A much beloved cousin passed down a handful of construction and construction vehicle books to Eli recently, and they have been the number one requested reading material ever since. I had a strong inkling Eli would enjoy discovering aspects of construction a bit deeper, so I pulled together a shelf devoted to this topic.
At 29 months old, here’s what I included:
Construction vehicles: language and matching. Three-dimensional small objects are a toddler’s best friend. Eli has enjoyed learning the vehicles’ names and examining their details and movement. I created matching cards for a simple object to picture matching invitation.
Construction vehicles: magnifying matching. I wanted to provide Eli with an additional matching challenge, so I minimized the size of the construction vehicle images, created cards, and added a magnifying glass. He, then, uses the magnifying glass to examine the tiny picture and matches them to the corresponding figurine.
Tools: language and matching. This set of tools and matching cards has been a favorite for so long, but they had been out of rotation for awhile, so I knew Eli would return to this work with fervor. Again, Eli is a pro matcher, so to challenge him, we play many games that require him to recall the tools after some time and distance such as asking Eli to choose a card, examine card, and then travel to the other side of the room to collect tool from memory. This is also great for toddlers because they are made to move their bodies. They can wiggle and jump and match all at the same time.
Invitation to build: blocks and hard hat. In the last few weeks, Eli has started to really enjoy building with Duplos and his large foam blocks, so I knew pulling out his wood blocks would be a popular invitation. I added a hard hat for a bit of an imaginative play element, and it was totally worth the $8: Eli has barely taken the hard hat off since the introduction of this discovery shelf.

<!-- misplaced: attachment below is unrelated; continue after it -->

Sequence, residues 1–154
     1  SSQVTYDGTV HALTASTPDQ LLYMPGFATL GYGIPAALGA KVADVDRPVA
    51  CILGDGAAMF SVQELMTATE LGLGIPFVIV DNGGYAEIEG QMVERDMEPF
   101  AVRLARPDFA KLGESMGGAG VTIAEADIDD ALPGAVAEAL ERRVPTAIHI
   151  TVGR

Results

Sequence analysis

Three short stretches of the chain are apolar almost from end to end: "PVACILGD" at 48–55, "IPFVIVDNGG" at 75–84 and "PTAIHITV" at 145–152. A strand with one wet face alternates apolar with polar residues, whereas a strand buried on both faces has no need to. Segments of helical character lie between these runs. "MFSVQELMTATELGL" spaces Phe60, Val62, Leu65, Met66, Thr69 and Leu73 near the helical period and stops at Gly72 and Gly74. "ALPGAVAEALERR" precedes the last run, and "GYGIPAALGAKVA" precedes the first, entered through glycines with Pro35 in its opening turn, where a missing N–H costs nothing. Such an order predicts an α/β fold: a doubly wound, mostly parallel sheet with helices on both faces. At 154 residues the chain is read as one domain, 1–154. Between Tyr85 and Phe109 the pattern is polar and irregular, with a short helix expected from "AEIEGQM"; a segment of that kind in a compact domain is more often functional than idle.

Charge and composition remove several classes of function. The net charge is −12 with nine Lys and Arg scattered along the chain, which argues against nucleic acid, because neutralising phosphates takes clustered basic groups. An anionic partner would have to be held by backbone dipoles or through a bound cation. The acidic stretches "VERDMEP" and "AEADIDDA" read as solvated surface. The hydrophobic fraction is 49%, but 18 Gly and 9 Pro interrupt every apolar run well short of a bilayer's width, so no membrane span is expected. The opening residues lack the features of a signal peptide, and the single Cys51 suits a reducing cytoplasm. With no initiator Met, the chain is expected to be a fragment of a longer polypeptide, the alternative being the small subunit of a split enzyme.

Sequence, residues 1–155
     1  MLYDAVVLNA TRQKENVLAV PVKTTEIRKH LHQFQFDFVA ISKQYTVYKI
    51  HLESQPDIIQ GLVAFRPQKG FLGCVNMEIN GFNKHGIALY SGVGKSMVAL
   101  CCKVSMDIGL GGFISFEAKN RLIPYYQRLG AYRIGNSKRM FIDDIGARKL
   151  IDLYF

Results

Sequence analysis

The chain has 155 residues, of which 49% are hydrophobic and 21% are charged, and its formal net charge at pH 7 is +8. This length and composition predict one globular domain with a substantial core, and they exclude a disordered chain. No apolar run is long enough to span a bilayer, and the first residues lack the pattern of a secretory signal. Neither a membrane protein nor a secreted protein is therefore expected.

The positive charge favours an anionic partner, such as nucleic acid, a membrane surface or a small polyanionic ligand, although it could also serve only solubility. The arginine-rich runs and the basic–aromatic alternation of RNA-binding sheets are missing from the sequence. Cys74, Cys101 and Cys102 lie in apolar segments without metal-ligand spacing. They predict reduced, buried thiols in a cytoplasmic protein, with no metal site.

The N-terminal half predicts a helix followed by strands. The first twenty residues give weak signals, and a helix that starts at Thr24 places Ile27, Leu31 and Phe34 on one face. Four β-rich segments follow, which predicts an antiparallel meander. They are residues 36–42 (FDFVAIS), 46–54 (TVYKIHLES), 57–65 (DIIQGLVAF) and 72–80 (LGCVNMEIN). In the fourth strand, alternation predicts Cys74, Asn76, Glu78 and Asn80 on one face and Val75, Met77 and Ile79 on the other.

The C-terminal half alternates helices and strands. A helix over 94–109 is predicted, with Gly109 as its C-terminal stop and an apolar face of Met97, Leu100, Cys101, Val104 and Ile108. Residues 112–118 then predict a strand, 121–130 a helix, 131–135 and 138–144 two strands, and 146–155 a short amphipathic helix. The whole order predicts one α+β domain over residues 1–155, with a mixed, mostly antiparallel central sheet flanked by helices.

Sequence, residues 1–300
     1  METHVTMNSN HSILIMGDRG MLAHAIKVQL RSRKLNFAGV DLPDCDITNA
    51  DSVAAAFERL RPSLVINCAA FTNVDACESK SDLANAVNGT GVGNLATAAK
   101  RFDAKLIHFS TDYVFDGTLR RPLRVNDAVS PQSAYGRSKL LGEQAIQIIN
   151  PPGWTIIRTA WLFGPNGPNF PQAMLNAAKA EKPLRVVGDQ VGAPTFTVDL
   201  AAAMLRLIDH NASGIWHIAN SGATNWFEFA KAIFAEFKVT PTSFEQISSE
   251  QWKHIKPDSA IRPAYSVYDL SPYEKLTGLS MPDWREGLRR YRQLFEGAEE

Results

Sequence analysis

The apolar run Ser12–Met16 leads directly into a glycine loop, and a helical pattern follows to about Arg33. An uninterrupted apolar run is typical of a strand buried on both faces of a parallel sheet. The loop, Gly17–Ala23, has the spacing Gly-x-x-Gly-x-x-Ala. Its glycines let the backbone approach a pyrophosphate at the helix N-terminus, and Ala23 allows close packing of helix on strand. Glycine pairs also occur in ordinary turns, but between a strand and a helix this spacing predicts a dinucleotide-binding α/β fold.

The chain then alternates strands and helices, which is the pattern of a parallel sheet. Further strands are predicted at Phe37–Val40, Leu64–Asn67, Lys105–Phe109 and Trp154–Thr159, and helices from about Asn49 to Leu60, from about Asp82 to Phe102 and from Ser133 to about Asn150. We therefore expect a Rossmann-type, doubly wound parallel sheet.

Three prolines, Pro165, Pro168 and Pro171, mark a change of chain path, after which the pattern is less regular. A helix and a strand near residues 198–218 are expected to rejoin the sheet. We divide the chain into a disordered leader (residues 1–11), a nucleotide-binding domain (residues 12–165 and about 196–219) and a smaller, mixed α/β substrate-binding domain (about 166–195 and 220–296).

Sticker art tray. Stickers have always been a favorite art tray for Eli, and it is so easy to put together. I found several sources for realistic illustrated and photographed construction vehicles (here, here, and here) and added brown (to represent dirt) and gray (to represent concrete) paper.
Hex bolt board. Such a favorite work! Eli’s concentration with this one is so fun to observe, and I love that he is working with a real screwdriver and screws, and it exemplifies the best of Montessori materials: isolation of skill; self-correcting; real, child-sized and natural materials.
Hammering tray. Another favorite! Eli so enjoys hammering the “nails” into the clay, and it’s easy to smooth the clay to reset work for the next time. Again, his concentration on this one is fun to watch, and I love that he has the freedom to work on his hammering skills with an age appropriate material.
Puzzle. Eli has yet to show interest in jigsaw puzzles. He still much prefers knobbed puzzles, so knobbed puzzle it is. I like that the image on the puzzle board is only a black and white representation of the colored puzzle piece. Gives him a bit more of a matching challenge.
Books. What would a discovery be without a few books? Here are a few of Eli’s favorites:
My Big Dump Truck. The book that started his interest in construction and construction vehicles. The cover is deceptively simplistic because this book is rich in construction vocabulary. Eli especially loves the pages with the construction vehicles in action at various construction sites.
Construction by Sally Sutton. Describes the entire construction process of building a library from start to finish. We love the rhythm and onomatopoeia in this one.
Roadwork by Sally Sutton. Like Construction, Roadwork describes the process of building a road with rhythmic and engaging language. Such a fun read!
Construction Sites from Usborne. Because Eli enjoyed the construction site pages in My Big Dump Truck, I thought he’d enjoy a book devoted to them. I’m a bit disappointed by the lack of language in this one, but luckily, we have our own construction background knowledge, so we spend a lot of time talking about what we see on each page and a lot less time reading the limited text.
The Toolbox by Anne and Harlow Rockwell. A lovely story of a son watching and learning from his father as he works with tools. Beautiful, simple illustrations.
Counting Tools 1 to 10. Photographic images of tools that invite a toddler to count. Eli currently counts all the things, so this book is quite popular.
I also added the construction worker from this Community Helper set and color copied a page from this book to create the poster hanging above the shelf. And that’s Eli’s Construction Discovery! Thanks for reading!